Dialogue Volume 13 Issue 4 2017 - Page 78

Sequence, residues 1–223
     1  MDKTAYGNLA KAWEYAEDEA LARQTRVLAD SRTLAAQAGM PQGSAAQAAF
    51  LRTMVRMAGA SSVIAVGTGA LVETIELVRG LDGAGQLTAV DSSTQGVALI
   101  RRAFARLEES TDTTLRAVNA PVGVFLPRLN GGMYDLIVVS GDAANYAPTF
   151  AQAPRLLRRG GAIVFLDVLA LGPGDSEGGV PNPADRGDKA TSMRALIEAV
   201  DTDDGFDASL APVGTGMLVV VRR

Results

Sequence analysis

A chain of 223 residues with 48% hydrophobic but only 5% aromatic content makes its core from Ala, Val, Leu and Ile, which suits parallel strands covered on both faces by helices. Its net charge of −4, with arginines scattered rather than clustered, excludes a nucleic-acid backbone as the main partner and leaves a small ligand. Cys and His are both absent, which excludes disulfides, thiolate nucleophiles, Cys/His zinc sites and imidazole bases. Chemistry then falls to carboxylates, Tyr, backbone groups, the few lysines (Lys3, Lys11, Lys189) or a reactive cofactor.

DISCIPLINE SUMMARIES from being alone with anyone under 18 years of age, including while he practised as a physician. His bail was varied on February 16, 2012 and March 1, 2012. After the College was made aware of the charges against Dr. Johnston, an investigator was appointed on March 20, 2012. At the College’s request, Dr. Johnston voluntarily entered into an undertaking on November 5, 2012 that mirrored the terms of his criminal recognizance, so that the College could monitor Dr. Johnston’s compliance. This undertak- ing remained in effect after Dr. Johnston’s criminal process came to an end. After allegations against Dr. Johnston were re- ferred to the Discipline Committee, the Inquiries, Complaints and Reports Committee of the College provided Dr. Johnston with notice that it intended to impose an interim order against him pending resolu- tion of the discipline allegations. In response, Dr. Johnston entered into a new voluntary undertaking (replacing the 2012 undertaking) dated March 17, 2016 which required him to have a College-approved practice monitor for all professional encounters with patients under the age of 18, until the allega- tions against him were resolved. Subsequently, Dr. Johnston chose to cease practising medicine until the hearing. REASONS FOR PENALTY Counsel for the College and counsel for Dr. Johnston made a joint submission that called for the revoca- tion of Dr. Johnson’s certificate of registration, a reprimand, and the payment of costs. The Committee considered the proposed penalty in light of accepted penalty principles, including, foremost, the protection of the public, as well as maintenance of public confidence in the integrity and reputation of the medical profession, and its ability to self-regulate in the public interest. This was the first case to be heard by the College’s Discipline Committee regarding the viewing, pur- chasing, and possession of pornographic images of young children. The purchase and possession of such images demean the participants who are below the age of consent, and encourage and allow the continu- ing exploitation of children. The Committee was of the opinion that Dr. John- ston’s involvement with child pornography repre- 78 DIALOGUE ISSUE 4, 2017 sented one of the most serious forms of misconduct possible by a physician, and is deserving of the most serious sanction. While the legal definition of sexual abuse does not include possessing and viewing child pornography, the Committee found that it was con- duct of a sexual nature with the potential to demean and traumatize young persons. Purchasing, viewing and possessing child pornography by a physician cannot be countenanced. Neither can voyeurism, by placing cameras in a public bathroom, for its delib- erate, secretive, devious, intrusive, and demeaning ways. There is an expectation of moral behaviour by persons granted the privilege to practise medicine. Dr. Johnston’s engagement in the consumption of child pornography and voyeurism demonstrated con- duct that is totally unbecoming of a physician. The Committee was presented with certain mitigat- ing factors. A no contest plea spared witnesses from having to testify and the Committee the time and expense of conducting a lengthy contested hearing. Since 2011, Dr. Johnston practised under restrictions imposed by the courts and by voluntary undertakings to the College in 2012 and 2016. Subsequently, he chose to cease practising until the hearing. There was ongoing cooperation by Dr. Johnston with the Col- lege. However, none of these factors were meaningful in assessing the proposed penalty because they did not speak to the danger that child pornography poses to children. As a further mitigating factor, counsel for Dr. John- ston raised the issue of his recent bipolar diagnosis. The Committee was presented with no evidence re- garding the basis for diagnosis, or that Dr. Johnston’s conduct was in any way the result of this medical condition. Aggravating factors included Dr. Johnston’s part in encouraging the commercialization and availability of child abuse pornography, and victimization of the affected children, as well as the moral reprehensibility of this type of pornography. Child pornography is not a victimless activity. The children portrayed and directed to perform actions are being traumatized and victimized. There was no question in the Committee’s mind on examining the police reports that Dr. Johnston was fully aware of the nature of the images he downloaded. Furthermore, Dr.